'The Human Faustus Project' debuts at University Theatre, written by Ball State students

Topics: College of Fine Arts, Immersive Learning

October 11, 2007

Human Faustus Project
From left, Kelsey McClarnon, Ross Compton and Kate Lumpkin appear in "The Human Faustus Project."
A Ball State student-written play, "The Human Faustus Project," debuts for the first time as a full production at 7:30 p.m. Nov. 8-10 and 14-17 and at 2:30 p.m. Nov. 11 at University Theatre.

Based on the play "The Tragical Historie of Doctor Faustus" by Christopher Marlowe, "The Human Faustus Project" explores the ethical gray areas of genetic selection and manipulation. Following the dilemmas and decisions of the students' character Dr. John Faust, the play pushes the issue of biological advancement in today's society and begs the question, "How far are you willing to go?"

"This stuff is really in the forefront of public imagination," said Jennifer Blackmer, co-playwright, director and assistant professor of theater. "Dr. Faust is in every one of us. We ask ourselves a lot of questions. If your child was suffering from a disease, how far would you go? We came to the conclusion that many people would go as far as they could."

The play was an immersive learning project envisioned by Blackmer, who was a faculty fellow at the Virginia B. Ball Center for Creative Inquiry during the spring 2006 semester. Throughout the term, she and 15 selected students from various majors researched, wrote, rewrote and performed the play during staged readings at the Muncie Civic Theatre, the Indiana Repertory Theatre and finally at the national conference for the Council on Undergraduate Research in Washington, D.C.

"The majority of people who experienced the writing process for this project will actually be in the audience, and that has never been true of any other show I've been involved with," said senior Ross Compton, who plays the devil's advocate, Mephistopheles. "It is both exciting and nerve-racking because this is a brand new play and we are the first actors to perform a full production of the script, and we wish to preserve the vision the original writers had."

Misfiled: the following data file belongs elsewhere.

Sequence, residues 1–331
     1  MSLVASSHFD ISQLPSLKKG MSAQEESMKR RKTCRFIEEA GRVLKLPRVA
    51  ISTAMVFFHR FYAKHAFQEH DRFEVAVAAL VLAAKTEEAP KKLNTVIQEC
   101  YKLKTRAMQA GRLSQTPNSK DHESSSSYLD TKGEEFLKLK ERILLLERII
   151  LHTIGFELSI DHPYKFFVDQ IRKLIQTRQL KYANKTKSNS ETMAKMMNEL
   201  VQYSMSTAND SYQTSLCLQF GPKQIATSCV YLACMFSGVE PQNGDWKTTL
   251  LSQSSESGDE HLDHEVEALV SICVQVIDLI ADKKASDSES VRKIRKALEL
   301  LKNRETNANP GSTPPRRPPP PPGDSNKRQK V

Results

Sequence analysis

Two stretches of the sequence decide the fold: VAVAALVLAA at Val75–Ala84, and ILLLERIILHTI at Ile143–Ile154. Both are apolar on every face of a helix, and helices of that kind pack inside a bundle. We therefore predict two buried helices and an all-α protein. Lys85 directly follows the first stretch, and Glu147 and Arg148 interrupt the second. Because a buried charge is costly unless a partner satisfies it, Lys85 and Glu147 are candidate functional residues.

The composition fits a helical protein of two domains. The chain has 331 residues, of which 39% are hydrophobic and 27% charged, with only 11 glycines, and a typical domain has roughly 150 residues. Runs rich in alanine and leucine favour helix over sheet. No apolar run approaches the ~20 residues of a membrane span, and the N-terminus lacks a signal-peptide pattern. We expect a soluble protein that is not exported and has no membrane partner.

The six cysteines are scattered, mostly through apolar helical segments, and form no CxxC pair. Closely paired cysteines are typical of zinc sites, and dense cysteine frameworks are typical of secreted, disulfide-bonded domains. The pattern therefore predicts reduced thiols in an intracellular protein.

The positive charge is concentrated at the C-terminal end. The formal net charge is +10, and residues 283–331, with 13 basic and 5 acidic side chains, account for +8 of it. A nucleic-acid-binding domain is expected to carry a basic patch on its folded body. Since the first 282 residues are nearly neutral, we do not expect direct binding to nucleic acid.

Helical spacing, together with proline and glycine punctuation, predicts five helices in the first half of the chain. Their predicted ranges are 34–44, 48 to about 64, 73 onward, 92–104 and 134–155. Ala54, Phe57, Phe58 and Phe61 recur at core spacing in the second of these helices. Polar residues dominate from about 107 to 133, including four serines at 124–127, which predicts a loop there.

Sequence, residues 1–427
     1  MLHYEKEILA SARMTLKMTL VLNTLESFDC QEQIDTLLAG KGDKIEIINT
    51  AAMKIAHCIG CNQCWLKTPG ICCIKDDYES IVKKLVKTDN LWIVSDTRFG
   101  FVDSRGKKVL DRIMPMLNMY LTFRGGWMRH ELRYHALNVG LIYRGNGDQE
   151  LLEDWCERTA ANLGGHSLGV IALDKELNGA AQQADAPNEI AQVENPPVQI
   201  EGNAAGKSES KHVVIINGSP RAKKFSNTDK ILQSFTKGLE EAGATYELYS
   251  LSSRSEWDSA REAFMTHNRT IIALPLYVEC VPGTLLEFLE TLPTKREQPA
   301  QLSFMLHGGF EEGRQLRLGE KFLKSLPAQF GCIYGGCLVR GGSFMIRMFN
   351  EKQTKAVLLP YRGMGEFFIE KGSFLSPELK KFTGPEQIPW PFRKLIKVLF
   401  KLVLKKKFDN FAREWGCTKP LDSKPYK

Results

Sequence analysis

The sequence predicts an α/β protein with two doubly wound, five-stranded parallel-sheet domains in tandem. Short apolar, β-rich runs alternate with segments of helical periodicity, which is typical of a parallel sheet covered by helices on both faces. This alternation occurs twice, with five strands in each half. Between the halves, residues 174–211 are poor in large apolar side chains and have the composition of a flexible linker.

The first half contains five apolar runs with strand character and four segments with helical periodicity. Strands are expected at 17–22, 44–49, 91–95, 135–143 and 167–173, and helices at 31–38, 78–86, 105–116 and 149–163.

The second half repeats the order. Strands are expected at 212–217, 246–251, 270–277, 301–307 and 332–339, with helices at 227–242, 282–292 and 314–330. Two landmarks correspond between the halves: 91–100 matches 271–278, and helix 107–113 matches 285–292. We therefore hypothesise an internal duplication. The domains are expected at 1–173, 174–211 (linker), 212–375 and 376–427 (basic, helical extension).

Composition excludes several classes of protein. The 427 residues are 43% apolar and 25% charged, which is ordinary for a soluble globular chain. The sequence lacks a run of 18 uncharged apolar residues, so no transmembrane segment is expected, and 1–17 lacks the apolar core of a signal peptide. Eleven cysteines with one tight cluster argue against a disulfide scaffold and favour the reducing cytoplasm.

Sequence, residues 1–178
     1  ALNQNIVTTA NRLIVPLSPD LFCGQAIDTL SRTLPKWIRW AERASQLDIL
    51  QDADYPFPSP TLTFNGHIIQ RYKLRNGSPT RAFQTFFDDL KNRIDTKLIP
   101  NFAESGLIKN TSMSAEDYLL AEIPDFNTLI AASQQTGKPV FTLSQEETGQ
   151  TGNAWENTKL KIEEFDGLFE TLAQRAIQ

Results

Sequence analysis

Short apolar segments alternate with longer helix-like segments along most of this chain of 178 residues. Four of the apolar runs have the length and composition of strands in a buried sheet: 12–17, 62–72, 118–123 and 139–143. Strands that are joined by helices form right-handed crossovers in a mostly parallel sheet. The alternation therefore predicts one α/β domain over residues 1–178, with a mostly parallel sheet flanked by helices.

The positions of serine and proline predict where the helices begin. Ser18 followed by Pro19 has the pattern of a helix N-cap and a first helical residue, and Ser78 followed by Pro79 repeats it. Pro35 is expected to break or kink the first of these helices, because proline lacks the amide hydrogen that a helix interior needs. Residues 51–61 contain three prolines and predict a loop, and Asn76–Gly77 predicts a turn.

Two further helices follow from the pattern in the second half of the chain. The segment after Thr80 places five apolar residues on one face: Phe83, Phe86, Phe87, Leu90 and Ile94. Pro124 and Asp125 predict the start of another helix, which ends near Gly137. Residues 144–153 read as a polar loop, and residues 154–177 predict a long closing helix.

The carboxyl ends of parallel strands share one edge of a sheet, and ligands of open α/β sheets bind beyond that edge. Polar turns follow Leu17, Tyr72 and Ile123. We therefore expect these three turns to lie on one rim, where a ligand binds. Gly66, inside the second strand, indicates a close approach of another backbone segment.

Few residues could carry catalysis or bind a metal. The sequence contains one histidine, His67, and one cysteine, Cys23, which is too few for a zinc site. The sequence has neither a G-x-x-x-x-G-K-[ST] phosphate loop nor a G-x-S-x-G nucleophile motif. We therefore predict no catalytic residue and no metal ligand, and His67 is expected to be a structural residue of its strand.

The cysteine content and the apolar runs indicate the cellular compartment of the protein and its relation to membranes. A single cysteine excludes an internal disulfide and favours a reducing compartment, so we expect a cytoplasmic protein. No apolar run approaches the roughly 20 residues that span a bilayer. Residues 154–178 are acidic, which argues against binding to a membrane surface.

While most have graduated, two of the original authors, Kate Lumpkin and Joel Miller, are performing in the play's debut as a full production.

"This experience is a rare one, and I know that," Lumpkin said. "Very few actors ever get to participate in the creation of a script and then see it fully realized on stage. It's likely a once-in-a-lifetime opportunity, and I'm taking full advantage of every moment with this show."

Lumpkin plays Dr. Dianne Wagner, the longtime associate of Dr. Faust.

"This show deals with a very real and unfortunately quiet debate that is happening right now in today's world," Lumpkin said. "We are reaching a point when the questions we pose in this show are going to be asked in our world. The line between right and wrong becomes blurry. This is the best time to confront these issues, and I think our play does a really good job of providing the foundation for audience members to begin thinking about these matters."

Tickets cost $12.50 for the general public, $11.50 for Ball State faculty and staff, $9.50 for senior citizens, and $6.50 for students. Tickets are available at the University Theatre box office. Call 765-285-8749 for more information. This production is intended for mature audiences only.

"People should come and see this because it will challenge their preconceived notions," Blackmer said. "It's about pushing the limits. It's a great story that raises a lot of issues, and the fact that this play was created by students gives it much more meaning."

For more information about "The Human Faustus Project," contact Blackmer at 765-285-8747 or jsblackmer@bsu.edu.

Other upcoming Mainstage productions include the "Indiana Choreographers Dance Concert" at 7:30 p.m. Dec. 6-8 and 2:30 p.m. Dec. 9 at University Theatre. Tickets cost $12.50 for the general public, $11.50 for Ball State faculty and staff, $9.50 for senior citizens and $6.50 for students.

By Jennifer Strempka

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